SMSF trustees who plan on making a beneficiary of the fund the executor of their estate need to pre-plan how that person can address any conflict of interest regarding death benefits as once they have commenced in the role they cannot renounce it, according to an SMSF legal expert.
Cooper Grace Ward Lawyers partner Scott Hay-Bartlem said: “The legal person representative, who is an executor or administrator, cannot make a claim on super benefits for themselves because they have a conflict of interest.”
Speaking during a presentation at the ASF Audits Technical Seminar 2021 last Friday, Hay-Bartlem said the nomination of a beneficiary as executor would mean that person would be “wearing two hats”.
“They are saying ‘I’m the surviving spouse, I want the super’ and by the same token ‘I’m the executor or the administrator of the estate and I have an obligation to pour the super into the estate’,” he said.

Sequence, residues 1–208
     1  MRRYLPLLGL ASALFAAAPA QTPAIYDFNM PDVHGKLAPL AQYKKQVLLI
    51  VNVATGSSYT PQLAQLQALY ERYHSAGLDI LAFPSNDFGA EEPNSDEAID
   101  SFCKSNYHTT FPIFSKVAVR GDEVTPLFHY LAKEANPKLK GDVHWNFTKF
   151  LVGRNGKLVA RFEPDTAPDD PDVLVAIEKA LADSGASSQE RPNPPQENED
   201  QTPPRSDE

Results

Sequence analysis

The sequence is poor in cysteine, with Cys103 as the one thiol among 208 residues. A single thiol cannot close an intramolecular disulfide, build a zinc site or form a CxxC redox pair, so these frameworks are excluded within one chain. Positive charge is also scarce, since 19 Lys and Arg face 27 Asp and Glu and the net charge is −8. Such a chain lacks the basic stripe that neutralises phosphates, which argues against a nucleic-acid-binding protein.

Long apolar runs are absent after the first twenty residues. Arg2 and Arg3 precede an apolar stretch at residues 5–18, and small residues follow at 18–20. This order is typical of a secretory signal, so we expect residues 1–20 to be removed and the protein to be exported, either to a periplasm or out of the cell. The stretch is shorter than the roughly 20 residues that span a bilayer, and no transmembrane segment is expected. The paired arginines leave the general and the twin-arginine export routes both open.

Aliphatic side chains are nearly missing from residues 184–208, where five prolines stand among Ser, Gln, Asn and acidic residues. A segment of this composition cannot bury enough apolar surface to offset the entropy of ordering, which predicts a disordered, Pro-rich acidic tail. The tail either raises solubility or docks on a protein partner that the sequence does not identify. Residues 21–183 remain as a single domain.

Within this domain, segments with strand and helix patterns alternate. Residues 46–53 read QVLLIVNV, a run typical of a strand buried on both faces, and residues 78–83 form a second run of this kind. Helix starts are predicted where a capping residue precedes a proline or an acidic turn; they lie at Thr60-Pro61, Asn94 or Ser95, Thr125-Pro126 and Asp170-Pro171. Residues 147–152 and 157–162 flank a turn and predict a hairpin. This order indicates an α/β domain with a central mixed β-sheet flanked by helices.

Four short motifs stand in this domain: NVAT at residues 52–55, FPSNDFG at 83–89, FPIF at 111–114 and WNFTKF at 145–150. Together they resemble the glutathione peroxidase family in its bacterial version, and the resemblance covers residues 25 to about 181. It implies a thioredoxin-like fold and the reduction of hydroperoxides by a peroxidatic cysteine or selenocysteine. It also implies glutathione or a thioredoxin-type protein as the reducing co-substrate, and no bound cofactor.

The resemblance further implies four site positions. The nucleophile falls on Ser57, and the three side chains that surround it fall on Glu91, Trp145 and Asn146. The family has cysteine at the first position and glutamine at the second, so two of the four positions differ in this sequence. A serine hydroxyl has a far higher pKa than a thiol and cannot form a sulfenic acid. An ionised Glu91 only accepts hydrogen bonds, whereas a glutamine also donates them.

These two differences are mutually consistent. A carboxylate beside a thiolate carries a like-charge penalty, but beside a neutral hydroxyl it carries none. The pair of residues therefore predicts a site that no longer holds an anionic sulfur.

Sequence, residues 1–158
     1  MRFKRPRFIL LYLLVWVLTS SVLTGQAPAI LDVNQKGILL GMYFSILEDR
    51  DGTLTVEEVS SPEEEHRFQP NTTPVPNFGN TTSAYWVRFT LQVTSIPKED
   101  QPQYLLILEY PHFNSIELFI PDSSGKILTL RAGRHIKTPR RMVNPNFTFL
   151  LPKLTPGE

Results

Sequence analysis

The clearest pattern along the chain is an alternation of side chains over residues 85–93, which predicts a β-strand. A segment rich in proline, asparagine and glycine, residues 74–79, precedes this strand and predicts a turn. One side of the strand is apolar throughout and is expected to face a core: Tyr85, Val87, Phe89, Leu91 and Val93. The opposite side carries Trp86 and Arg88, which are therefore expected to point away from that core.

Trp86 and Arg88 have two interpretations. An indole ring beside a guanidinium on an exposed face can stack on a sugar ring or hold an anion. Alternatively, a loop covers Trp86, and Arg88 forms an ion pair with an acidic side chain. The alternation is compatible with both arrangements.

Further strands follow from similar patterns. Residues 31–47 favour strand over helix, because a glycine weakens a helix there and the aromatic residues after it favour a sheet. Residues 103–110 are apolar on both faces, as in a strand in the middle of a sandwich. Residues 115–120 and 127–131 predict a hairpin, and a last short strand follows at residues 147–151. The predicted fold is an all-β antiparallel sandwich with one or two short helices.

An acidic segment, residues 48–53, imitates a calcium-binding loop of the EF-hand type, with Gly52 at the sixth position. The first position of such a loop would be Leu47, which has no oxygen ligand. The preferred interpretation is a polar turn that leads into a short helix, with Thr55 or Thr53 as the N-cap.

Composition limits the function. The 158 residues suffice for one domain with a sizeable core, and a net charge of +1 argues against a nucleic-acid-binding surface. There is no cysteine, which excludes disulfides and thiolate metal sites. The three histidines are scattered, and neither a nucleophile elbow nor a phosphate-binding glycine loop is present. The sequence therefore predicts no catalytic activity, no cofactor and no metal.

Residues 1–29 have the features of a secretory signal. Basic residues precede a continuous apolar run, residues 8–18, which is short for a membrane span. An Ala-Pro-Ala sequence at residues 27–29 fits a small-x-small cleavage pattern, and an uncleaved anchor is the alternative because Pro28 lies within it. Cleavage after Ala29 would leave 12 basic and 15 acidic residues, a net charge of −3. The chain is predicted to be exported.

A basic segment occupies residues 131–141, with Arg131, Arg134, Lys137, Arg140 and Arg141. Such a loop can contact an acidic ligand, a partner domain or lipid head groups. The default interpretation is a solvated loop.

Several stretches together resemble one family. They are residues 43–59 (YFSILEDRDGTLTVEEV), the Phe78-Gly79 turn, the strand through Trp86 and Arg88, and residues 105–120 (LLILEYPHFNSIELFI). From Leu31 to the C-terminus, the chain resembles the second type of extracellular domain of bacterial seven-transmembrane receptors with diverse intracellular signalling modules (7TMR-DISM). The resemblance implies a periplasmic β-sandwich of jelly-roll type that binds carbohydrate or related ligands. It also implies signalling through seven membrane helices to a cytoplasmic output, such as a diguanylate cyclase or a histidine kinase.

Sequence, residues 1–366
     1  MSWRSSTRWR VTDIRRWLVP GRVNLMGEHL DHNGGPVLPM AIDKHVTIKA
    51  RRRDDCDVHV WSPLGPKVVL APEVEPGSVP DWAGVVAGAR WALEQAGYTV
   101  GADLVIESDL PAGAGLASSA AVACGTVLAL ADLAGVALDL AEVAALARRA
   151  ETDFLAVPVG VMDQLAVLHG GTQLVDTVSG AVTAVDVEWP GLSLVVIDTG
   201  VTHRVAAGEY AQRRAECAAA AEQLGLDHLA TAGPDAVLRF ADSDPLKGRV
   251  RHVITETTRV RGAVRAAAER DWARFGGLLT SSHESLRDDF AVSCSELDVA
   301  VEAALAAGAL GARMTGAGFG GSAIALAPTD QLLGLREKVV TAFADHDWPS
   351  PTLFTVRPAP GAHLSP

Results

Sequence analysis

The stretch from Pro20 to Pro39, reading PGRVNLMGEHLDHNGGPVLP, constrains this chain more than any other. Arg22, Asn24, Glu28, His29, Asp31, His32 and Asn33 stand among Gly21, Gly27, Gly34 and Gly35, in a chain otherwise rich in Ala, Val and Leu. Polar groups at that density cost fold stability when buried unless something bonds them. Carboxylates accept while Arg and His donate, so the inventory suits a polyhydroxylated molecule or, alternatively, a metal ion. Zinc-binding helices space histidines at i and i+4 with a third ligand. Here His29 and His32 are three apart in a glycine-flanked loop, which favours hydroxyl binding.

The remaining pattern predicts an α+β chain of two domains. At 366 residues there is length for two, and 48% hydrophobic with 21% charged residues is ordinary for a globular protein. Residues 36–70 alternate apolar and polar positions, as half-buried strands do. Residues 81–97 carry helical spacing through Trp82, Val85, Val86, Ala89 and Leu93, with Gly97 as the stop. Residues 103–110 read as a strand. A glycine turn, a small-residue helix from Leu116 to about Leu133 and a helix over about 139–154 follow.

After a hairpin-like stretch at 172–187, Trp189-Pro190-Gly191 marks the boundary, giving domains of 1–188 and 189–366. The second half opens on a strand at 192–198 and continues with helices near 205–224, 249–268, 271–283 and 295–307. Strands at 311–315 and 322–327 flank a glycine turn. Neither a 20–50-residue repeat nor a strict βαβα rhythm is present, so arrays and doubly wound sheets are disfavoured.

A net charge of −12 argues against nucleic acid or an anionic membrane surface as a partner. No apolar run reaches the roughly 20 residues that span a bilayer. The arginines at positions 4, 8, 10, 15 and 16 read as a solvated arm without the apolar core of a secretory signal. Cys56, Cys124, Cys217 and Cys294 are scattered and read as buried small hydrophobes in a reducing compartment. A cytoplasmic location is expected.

In order to avoid legal repercussions, he noted SMSFs need to prepare in advance of the trustee’s passing with consideration to the current family status.
“Maybe we need to forgive the conflict, so a lot of the time when we’re doing wills we’re actually putting a clause in which excuses the conflict and allows the surviving spouse to claim the super,” he said.
He said payments could be directed by the use of a binding nomination, which could direct them to the beneficiary who is acting as executor, or a different person, apart from the beneficiary, could be the executor.
In addition, the appointment of an executor can be renounced, but he warned the process will need to be initiated in a time appropriate manner.
“Renunciation as executor is something you need to be on top of and get on top of it really early on,” he said.
“Once you move to ‘intermeddle’ in the estate as an executor, you then can’t renounce that role, so you’ve got to catch it early.
“So looking at these issues is something we need to be on top of pretty early after someone’s died or it might be too late.”